Further to our recent article on the General Data Protection Regulation (GDPR), new research has found that even the NHS is underprepared for GDPR with just 6 weeks to go before it comes into force.
Underprepared For GDPR
The think tank, Parliament Street, have just released a report entitled, ‘Getting the NHS ready for the GDPR‘. The conclusions drawn from the survey were that the NHS is underprepared for GDPR. Specifically, Parliament Street found that:-
- Just £1,076,549 had been spent on preparing for GDPR by the 46 NHS trusts combined who had responded to the survey. This has been spent mainly on upgrading software, securing email, training, and consultancy.
- Just 55% of acute trusts and 47% of mental health trusts have an implementation plan
- Given the increasing costs of social care, the need to prepare for GDPR has placed an additional financial burden on the NHS
- Some trusts have spent less than £1,000 upon their GDPR preparations, including the Cheshire & Wirral Partnership NHS Foundation Trust and Alder Hey Children’s NHS Foundation Trust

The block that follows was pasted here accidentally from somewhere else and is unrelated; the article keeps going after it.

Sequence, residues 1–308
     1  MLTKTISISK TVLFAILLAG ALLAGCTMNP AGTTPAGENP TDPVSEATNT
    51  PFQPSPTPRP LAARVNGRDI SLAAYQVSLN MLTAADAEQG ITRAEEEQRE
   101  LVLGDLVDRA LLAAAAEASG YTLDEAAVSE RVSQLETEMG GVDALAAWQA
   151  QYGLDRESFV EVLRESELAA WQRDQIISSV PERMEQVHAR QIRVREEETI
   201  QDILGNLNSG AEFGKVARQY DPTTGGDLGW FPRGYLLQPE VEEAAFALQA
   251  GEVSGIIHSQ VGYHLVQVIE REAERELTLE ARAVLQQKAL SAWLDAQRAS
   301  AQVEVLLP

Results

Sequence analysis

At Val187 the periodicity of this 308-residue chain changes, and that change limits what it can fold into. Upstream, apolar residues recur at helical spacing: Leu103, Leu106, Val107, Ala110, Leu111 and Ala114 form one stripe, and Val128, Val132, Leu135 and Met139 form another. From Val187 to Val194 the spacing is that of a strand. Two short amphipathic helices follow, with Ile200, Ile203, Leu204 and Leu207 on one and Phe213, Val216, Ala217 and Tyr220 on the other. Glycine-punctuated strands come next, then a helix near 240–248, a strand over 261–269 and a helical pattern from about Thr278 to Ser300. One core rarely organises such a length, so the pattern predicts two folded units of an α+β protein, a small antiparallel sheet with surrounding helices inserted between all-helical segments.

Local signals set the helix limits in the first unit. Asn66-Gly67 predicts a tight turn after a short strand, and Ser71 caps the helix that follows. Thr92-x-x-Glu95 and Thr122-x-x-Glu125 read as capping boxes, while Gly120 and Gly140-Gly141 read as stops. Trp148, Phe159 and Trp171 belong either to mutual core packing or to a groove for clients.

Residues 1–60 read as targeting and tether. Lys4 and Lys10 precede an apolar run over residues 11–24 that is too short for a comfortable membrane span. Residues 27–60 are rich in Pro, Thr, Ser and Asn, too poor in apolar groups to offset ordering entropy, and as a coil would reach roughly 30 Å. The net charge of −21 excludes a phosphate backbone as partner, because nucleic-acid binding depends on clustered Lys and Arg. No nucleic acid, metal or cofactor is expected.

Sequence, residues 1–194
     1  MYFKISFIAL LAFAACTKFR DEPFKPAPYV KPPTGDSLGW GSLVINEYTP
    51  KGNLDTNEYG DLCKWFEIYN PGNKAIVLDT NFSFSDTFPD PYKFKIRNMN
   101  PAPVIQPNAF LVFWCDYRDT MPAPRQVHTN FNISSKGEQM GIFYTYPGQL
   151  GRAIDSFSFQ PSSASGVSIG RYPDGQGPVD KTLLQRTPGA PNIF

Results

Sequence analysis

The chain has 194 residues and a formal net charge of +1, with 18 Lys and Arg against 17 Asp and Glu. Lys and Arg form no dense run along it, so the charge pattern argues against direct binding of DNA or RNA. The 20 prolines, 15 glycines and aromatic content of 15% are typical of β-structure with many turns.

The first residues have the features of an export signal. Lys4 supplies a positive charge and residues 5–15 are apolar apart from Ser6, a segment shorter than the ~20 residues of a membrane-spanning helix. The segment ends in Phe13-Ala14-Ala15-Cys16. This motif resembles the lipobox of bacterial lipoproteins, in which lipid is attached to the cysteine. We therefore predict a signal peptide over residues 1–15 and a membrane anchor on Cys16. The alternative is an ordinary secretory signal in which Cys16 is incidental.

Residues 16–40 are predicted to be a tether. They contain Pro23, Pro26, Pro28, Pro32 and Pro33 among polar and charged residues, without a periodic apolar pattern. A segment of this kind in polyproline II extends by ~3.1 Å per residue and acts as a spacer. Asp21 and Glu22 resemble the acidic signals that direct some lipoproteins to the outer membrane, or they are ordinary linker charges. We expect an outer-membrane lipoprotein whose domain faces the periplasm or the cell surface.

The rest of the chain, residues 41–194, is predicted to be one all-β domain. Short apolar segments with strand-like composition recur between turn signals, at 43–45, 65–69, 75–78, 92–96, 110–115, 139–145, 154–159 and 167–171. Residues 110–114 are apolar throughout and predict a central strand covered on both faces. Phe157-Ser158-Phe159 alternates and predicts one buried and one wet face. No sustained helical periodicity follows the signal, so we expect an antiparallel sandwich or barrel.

- Luton and Dunstable Hospital Foundation Trust spent the most on its preparations (£111,200)
Recommendations Made By Parliament Street
The Department of Health and Social Care responded by stating that they were: “[developing] a comprehensive suite of guidance products. GDPR will replace the current Data Protection Act and will set a more robust framework for how we collect, store and share data across the health and care system in future. In addition to the guidance produced by the NHSE-led GDPR working group, there is considerable information and guidance available, particularly from the Information Commissioner’s Office.”
Parliament Street stated in its recommendations that: “we propose that the NHS establishes a national programme for managing and funding the GDPR and lobbies the Treasury for extra funding to support it. The government should [also] look to provide dedicated legal advice in the form of solicitors and specialist counsel to enable all trusts to gain free consultancy on implementation. [Moreover], a national NHS GDPR strategy should be established, bringing together lawyers, chief information officers and CEOs to ensure consistency between trusts.”